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Consumer credit mix-ups can be costly

Aug 14, 2013 Walt Wojciechowski

Poor consumer credit reports can be frustrating - keeping individuals from securing various loans or qualifying for bank and credit accounts. It's even more of a disappointment when the low score being attached to an individual's name doesn't belong to them but someone else entirely.

Julie Miller, a nurse from Portland, Ore., was recently the victim of such a mix-up, as her model score was mixed up with the less than credit-worthy number of a woman who shares the same moniker, The New York Times reported. As a result, Miller was denied a line of credit from Key Bank, found 38 collection reports on her account and was affixed with a Social Security number and birth date that weren't her own.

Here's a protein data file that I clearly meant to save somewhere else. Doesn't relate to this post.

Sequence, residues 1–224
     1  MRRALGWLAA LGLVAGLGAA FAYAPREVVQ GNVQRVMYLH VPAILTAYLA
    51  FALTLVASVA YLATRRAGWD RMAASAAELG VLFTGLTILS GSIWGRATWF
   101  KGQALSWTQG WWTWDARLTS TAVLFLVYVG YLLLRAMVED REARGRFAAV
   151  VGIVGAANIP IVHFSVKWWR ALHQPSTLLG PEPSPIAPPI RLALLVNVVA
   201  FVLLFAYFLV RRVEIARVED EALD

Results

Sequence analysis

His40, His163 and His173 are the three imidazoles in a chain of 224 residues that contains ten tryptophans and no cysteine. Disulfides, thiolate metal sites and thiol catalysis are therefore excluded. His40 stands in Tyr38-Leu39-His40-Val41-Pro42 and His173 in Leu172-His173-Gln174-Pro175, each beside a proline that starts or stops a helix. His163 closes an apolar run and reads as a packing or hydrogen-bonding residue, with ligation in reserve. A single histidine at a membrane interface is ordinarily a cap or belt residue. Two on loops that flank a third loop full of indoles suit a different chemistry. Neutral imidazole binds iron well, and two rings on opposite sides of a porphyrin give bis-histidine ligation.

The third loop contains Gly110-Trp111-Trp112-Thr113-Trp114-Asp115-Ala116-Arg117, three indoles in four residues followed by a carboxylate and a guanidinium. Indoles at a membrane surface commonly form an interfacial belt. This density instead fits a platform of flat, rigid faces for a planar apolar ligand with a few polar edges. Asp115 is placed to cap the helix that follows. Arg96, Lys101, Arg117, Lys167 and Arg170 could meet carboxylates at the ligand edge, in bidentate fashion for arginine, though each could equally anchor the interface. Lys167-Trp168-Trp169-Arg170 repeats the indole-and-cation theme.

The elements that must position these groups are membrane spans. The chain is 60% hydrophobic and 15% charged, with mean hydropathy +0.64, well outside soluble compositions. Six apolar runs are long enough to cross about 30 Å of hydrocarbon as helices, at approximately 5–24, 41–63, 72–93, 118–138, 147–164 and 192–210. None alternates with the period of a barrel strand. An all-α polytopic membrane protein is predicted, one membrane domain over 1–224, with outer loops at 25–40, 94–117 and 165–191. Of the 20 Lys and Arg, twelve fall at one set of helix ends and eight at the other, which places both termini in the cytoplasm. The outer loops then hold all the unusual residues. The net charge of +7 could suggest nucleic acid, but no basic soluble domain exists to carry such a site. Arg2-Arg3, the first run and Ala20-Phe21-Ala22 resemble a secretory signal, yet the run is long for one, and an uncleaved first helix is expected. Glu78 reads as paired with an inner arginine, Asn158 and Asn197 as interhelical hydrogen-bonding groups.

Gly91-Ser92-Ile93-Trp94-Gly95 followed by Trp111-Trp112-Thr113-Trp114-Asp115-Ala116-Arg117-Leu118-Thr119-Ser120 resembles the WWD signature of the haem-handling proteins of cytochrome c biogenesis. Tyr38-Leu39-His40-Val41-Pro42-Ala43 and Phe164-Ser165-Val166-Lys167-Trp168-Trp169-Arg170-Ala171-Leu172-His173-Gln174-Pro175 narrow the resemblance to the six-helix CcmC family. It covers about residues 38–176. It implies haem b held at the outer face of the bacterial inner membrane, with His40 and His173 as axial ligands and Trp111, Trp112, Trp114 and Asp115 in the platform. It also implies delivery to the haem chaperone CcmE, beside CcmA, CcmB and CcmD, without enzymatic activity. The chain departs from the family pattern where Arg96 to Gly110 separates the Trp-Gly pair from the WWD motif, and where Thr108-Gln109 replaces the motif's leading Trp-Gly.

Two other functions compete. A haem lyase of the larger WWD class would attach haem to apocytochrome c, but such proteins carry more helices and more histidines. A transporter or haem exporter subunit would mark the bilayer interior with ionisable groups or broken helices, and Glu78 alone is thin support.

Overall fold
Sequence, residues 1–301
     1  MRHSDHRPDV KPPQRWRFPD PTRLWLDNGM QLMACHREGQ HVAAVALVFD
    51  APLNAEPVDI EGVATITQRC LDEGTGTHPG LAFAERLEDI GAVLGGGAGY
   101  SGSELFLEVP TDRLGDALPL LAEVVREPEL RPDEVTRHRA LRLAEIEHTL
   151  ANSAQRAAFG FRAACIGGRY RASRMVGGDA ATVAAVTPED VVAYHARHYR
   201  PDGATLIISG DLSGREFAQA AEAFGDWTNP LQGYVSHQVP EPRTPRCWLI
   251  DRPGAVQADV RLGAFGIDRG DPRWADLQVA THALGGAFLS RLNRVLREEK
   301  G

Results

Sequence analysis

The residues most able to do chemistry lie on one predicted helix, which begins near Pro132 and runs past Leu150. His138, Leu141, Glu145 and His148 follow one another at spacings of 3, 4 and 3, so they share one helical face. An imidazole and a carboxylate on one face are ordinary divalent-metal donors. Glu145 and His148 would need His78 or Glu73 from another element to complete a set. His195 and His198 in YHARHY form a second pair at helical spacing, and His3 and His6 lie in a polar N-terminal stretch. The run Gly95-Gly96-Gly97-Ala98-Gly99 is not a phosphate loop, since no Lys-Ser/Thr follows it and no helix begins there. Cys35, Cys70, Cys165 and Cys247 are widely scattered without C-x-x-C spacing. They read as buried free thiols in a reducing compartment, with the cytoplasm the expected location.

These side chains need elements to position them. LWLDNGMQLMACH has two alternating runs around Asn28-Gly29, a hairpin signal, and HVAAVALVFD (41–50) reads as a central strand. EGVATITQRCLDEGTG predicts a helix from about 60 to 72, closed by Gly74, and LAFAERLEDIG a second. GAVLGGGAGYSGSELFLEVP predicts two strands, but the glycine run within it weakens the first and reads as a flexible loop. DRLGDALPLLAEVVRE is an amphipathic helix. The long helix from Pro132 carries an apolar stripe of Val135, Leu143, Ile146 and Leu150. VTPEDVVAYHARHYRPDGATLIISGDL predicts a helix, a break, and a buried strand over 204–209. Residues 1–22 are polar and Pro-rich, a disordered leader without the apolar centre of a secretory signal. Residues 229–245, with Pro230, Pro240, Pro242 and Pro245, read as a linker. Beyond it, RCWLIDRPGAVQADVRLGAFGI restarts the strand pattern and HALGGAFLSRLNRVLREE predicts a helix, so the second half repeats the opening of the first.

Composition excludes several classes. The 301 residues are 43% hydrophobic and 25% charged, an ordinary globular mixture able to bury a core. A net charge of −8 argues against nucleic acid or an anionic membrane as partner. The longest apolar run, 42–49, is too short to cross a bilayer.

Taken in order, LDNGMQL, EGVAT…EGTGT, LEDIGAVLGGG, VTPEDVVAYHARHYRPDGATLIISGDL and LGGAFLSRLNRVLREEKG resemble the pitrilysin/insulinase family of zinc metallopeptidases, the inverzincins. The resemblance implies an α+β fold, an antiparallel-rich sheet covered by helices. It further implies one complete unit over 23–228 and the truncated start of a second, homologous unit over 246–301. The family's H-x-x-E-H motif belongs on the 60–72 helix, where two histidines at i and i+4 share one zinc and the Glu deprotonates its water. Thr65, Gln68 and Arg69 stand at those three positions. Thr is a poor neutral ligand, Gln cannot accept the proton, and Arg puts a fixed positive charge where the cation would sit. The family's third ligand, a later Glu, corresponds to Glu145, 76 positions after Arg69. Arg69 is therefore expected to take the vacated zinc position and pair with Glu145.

Such mistakes are often caused by a computer formula that allows for credit information to be inserted into a specific file even if the identifying information isn't an exact message, the newspaper explained. However, incidence of this remains relatively low - a 2004 study from the Federal Trade Commission found that partial matches only occur 1 to 2 percent of the time.

To make sure such a mix-up doesn't occur or is caught in a timely manner, consumers will want to take advantage of the free credit scores they are afforded annually.